For the vast majority of the world, including here in the UK, Christmas Day is December 25th.
It is the day that has become almost universally recognized to mark the birth of Jesus Christ, celebrated by eating too much stuffing and falling asleep on the sofa with a glass of port in hand (other methods of celebration are available).
But a good chunk of Christians around the world don’t actually celebrate the 25th and instead wait for the New Year.
Orthodox Christians follow a different calendar from the Gregorian calendar generally used in Western countries.
This means that the Russians, in particular, still have some time to wait for their festivities.
When is Orthodox Christmas?
Orthodox Christians celebrate Christmas on January 7.
However, the celebrations officially begin at midnight on Christmas Eve.
Why is the date different?
The reason these dates are different is due to the calendars used to calculate the dates.
Julius Caesar introduced a calendar in 46 BC on the advice of the Egyptian astronomer Sosigene, who had calculated the lunar year. But his measurements were about 11 minutes in error, and over the centuries the dates of major Christian holidays had drifted so much that it became a problem.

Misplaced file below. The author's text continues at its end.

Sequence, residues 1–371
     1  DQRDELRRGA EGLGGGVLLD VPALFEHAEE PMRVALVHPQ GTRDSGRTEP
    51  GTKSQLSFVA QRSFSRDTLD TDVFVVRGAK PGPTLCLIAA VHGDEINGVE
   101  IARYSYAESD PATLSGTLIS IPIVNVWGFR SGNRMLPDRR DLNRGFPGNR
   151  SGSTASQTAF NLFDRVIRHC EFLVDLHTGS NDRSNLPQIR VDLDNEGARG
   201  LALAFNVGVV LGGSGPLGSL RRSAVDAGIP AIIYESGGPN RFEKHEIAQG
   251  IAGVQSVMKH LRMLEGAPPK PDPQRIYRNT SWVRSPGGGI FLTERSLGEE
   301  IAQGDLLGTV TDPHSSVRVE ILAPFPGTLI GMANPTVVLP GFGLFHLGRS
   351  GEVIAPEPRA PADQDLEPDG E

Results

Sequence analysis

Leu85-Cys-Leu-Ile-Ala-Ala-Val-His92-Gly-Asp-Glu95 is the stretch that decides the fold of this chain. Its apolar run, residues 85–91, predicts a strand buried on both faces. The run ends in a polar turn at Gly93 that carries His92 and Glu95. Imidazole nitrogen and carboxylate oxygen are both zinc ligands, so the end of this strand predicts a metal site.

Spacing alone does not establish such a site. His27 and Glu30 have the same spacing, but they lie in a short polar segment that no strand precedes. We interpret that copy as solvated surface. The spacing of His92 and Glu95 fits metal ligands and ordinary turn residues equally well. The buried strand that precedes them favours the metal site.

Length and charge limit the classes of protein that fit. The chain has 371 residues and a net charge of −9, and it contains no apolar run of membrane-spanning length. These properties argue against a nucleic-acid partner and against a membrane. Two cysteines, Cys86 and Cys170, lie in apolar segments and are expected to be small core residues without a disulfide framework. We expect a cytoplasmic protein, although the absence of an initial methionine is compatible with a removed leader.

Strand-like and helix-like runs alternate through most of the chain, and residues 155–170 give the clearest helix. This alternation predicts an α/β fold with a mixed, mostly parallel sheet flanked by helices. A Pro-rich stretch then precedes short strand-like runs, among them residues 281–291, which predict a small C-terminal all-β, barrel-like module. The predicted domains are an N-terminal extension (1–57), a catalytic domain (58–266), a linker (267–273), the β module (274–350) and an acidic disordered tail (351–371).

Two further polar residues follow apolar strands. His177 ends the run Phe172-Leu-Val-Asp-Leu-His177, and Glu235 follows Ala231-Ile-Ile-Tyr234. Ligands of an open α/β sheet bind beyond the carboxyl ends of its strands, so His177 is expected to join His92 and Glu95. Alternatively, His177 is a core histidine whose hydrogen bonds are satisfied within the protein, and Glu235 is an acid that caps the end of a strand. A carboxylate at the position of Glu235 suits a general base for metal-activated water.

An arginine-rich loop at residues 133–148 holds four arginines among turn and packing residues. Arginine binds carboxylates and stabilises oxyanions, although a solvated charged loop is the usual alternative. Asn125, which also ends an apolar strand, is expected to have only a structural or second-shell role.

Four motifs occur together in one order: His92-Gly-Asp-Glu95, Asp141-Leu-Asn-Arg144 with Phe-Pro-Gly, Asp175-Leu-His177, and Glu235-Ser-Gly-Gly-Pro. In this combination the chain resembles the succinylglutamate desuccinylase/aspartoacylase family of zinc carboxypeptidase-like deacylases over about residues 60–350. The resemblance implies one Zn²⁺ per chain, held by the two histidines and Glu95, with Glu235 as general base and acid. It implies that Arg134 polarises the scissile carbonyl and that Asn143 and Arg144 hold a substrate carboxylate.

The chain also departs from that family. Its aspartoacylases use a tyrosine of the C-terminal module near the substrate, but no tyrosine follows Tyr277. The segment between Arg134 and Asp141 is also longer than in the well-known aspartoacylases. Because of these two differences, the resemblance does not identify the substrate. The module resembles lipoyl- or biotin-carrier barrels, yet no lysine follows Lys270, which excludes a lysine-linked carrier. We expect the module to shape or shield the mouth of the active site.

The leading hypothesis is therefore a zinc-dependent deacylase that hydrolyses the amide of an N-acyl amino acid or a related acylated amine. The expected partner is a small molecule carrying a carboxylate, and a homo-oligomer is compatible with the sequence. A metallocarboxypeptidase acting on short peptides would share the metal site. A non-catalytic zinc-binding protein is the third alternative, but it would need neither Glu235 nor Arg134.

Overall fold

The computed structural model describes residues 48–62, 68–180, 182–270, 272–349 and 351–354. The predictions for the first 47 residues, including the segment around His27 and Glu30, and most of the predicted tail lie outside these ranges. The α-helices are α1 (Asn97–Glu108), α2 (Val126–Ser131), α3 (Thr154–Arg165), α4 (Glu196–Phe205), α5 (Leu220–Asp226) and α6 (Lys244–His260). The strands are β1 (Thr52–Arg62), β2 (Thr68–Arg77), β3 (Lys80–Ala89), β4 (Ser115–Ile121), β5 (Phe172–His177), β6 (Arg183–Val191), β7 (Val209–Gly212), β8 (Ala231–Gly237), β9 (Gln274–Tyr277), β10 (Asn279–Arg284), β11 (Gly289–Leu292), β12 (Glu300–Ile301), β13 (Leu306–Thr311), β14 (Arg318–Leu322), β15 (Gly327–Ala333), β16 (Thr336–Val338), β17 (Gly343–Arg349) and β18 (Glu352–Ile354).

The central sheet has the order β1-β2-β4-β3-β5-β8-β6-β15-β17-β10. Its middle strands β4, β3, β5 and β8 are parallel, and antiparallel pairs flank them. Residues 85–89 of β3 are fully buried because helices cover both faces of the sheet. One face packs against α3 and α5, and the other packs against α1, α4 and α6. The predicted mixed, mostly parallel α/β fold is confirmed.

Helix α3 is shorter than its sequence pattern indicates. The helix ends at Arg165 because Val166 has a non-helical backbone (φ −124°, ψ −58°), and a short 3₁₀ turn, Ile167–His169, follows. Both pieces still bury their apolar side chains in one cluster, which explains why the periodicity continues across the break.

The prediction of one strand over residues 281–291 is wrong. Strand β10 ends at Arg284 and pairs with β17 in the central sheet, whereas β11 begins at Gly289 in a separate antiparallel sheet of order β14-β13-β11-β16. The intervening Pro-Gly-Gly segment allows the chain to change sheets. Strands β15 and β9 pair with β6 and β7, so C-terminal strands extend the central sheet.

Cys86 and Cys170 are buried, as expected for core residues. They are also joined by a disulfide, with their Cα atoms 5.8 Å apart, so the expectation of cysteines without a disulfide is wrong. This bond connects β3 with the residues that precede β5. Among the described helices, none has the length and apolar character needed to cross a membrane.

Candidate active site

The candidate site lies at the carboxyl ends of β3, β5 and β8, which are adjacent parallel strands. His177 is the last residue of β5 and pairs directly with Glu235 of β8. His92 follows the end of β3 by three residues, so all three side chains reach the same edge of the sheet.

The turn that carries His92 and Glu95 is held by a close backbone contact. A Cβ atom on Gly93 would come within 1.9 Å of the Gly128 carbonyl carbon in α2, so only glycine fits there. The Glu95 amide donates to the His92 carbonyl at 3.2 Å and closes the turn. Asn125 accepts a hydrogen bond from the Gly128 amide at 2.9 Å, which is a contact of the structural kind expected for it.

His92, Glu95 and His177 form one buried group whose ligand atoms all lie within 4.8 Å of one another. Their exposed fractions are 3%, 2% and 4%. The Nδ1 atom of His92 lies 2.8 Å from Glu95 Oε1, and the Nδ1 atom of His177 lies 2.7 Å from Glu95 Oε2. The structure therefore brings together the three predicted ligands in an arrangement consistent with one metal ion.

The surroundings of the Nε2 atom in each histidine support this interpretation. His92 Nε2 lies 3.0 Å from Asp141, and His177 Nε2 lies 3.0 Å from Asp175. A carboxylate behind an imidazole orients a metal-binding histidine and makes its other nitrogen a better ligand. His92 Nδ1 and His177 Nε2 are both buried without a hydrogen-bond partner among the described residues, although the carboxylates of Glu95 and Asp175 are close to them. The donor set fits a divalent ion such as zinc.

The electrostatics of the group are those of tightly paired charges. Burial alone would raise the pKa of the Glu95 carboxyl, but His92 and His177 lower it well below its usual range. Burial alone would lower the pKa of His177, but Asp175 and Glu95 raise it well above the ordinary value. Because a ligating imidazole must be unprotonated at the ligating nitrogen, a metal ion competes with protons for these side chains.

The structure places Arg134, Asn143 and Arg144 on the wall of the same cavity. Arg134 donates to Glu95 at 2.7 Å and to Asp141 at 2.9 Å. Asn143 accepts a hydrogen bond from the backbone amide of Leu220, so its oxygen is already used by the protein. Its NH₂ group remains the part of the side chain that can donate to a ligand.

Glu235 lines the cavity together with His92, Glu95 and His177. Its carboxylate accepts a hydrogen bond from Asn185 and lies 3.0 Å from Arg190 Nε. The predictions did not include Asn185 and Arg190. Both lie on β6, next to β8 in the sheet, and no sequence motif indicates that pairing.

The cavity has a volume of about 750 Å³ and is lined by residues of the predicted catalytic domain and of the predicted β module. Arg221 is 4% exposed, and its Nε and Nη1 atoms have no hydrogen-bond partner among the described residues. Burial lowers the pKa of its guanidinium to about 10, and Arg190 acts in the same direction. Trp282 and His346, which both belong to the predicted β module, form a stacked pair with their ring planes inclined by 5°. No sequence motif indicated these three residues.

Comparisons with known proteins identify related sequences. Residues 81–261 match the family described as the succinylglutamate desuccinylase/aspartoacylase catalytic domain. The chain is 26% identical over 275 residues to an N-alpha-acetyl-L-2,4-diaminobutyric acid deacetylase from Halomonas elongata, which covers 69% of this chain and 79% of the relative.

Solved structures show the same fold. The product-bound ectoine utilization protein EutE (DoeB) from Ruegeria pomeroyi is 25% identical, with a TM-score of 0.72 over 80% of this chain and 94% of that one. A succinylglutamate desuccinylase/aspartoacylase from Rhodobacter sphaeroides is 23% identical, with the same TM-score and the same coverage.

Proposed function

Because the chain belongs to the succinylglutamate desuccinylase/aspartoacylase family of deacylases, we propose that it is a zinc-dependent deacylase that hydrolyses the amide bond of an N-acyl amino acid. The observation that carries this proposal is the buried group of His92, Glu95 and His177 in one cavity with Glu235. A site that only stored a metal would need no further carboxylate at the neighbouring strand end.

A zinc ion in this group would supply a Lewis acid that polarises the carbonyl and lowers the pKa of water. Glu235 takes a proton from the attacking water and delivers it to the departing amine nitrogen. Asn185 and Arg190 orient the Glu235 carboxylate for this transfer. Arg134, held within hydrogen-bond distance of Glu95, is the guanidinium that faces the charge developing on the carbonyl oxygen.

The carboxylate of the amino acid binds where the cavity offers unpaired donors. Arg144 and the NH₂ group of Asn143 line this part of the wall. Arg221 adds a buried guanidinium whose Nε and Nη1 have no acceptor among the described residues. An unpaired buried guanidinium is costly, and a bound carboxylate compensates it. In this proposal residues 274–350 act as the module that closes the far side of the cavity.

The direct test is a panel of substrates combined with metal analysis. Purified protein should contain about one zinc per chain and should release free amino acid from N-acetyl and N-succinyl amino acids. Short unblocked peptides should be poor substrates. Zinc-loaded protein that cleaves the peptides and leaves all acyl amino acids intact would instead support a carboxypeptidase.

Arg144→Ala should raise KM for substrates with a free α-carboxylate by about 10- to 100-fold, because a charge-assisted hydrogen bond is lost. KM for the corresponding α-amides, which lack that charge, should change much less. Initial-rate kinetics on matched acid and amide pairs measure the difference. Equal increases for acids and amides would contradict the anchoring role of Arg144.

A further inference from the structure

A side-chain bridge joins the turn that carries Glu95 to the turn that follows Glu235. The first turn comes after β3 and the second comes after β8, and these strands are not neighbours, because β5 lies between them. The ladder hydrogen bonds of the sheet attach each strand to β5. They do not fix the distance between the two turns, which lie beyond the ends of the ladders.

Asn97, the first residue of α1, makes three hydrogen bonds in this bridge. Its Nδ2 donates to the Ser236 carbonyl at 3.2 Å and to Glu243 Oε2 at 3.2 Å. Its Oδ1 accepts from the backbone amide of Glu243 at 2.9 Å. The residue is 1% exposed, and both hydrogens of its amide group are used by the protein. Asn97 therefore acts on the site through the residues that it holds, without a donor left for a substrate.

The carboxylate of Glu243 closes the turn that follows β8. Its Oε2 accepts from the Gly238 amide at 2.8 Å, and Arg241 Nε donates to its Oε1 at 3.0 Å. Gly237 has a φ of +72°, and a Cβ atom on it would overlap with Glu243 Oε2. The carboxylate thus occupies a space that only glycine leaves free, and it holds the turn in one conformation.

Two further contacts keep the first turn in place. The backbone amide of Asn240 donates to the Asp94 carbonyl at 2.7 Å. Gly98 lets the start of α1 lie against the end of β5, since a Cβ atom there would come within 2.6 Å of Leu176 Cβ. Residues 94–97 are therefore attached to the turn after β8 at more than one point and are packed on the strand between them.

To solve this problem, the Gregorian calendar was introduced by Pope Gregory in 1582, and it is the one we still use today.
Spain, Portugal, France, Poland, Italy, the Catholic Netherlands and Luxembourg were the first nations to adopt it.
But, in much of the Soviet bloc and the Middle East, the Julian calendar is still in use.
This means there is a 13 day gap between the two calendars, so Christmas Day in these countries falls on what we now call January 7th.
In May 1923, a group of Orthodox leaders gathered to address the issue as the holidays continued to drift.
States like Greece, Cyprus and Romania have agreed to switch to the new calendar, but other Orthodox churches, like those in Russia and Egypt, have refused.
Which countries celebrate Christmas on January 7th?
Many countries celebrate Christmas on this day, including Russia, which is home to more than a third (39%) of the world’s Christians.
Some Orthodox countries – like Greece, Cyprus and Romania – now use December 25 to change the calendar. However, they still have Epiphany celebrations, which is January 6 and Christmas Eve according to their old Julian calendar.
Those who still celebrate in January include:
The Armenian Apostolic Church celebrates January 6 because the country was not influenced by the Roman Empire or the Julian or Gregorian calendars.